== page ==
Analysis of the 32 million passwords recently exposed in the breach of social media application developer RockYou last month provides further proof that consumers routinely use easy to guess login credentials.
Sensitive login credentials - stored in plain text - were left exposed because of a SQL injection bug in RockYou's website. RockYou admitted the breach, which applied to user password and email addresses for widgits it developed, and pledged to improve security in order to safeguard against future problems.
Database security firm Imperva analysed the frequency of password disclosed by the breach, prior to publishing a report on Thursday on Consumer Password Worst Practices, a problem illustrated by the top ten passwords thrown up by the RockYou security snafu (below).
The trivial nature of the top ten RockYou passwords is bad enough, but worse is that nearly 50 per cent of passwords records exposed by the RockYou breach used names, slang words, dictionary words or trivial passwords (consecutive digits, adjacent keyboard keys), Imperva discovered.
Password database breaches have happened before, of course, but the size of the RockYou breach allowed for the most in-depth analysis of real-world passwords to date. These days the average surfer maintains scores of login credentials for social networking and e-commerce sites.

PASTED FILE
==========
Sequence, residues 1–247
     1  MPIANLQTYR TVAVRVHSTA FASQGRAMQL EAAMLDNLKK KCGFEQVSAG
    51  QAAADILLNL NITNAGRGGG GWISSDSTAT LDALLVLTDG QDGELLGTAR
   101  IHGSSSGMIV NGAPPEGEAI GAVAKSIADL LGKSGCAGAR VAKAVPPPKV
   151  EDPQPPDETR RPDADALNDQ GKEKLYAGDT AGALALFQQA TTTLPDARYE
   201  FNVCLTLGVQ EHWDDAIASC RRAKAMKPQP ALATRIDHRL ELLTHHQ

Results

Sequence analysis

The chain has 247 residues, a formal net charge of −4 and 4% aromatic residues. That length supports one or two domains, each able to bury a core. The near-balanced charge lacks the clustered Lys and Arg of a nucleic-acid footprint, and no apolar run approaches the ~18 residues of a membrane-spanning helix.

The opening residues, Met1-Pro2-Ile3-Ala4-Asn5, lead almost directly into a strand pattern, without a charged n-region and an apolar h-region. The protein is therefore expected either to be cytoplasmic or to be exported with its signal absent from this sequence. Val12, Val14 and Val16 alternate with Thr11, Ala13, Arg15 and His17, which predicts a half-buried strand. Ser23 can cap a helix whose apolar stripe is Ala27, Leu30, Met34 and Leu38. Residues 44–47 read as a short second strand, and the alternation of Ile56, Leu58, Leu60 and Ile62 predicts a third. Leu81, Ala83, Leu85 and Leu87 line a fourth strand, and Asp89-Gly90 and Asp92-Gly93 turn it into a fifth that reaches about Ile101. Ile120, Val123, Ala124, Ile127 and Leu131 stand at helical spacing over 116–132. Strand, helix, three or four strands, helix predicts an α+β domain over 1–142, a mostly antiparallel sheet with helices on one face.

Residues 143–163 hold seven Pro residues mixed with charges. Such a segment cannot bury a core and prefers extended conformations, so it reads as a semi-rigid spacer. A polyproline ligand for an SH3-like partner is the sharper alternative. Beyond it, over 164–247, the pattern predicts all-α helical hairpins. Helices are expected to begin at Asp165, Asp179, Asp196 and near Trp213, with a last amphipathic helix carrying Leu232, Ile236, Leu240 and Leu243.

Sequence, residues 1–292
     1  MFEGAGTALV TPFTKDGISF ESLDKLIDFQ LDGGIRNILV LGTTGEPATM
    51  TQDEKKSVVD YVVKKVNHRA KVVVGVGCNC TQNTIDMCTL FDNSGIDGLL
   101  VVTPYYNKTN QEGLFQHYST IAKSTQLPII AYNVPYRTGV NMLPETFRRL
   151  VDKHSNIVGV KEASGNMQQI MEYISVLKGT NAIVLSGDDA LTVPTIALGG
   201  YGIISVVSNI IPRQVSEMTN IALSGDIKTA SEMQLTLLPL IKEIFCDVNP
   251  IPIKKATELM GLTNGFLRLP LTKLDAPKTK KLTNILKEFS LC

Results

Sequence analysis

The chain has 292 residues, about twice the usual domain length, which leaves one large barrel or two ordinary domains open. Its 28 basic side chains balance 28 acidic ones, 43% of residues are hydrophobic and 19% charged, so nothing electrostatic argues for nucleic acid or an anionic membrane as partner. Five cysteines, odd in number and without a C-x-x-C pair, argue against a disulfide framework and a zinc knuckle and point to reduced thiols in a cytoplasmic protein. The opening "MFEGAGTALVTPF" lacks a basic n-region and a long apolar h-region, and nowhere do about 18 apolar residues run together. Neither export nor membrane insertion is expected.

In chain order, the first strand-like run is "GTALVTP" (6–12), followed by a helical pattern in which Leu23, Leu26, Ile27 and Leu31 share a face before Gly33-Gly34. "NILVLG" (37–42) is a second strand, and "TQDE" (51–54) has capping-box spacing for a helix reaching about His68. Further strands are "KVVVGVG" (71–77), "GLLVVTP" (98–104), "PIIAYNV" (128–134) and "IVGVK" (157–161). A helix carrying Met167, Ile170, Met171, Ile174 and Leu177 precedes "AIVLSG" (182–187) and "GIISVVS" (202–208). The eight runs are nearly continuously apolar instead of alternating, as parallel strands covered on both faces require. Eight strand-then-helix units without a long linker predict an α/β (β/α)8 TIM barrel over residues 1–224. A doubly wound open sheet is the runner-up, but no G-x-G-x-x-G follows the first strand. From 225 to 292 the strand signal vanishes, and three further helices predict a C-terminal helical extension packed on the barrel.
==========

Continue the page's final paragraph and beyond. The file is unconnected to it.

If these login names and password are easy to guess then it's all the more likely that hackers will be able to break into accounts using brute force dictionary attacks and readily available password cracking tools. If users (as they often do) use the same login credentials for social networking sites and more sensitive accounts (email, online banking etc) then the problem gets even worse.
Consumers, or by extension business users, help themselves by using hard to guess (strong) passwords. Persuading users to use stronger passwords is an age-old problem that dates back to the dawn of the PC era.
Imperva’s CTO Amichai Shulman said that a 1990 Unix password study revealed a password selection pattern similar to that exposed by the RocKYou breach. "The problem has changed very little over the past 20 years," he added.